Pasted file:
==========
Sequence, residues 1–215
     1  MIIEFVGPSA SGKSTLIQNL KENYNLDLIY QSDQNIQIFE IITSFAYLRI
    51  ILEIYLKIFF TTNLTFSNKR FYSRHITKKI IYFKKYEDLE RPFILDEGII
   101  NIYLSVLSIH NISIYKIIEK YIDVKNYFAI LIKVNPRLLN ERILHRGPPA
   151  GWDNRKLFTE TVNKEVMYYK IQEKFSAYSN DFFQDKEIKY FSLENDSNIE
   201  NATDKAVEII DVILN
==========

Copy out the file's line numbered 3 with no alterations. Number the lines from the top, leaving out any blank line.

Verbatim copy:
    51  ILEIYLKIFF TTNLTFSNKR FYSRHITKKI IYFKKYEDLE RPFILDEGII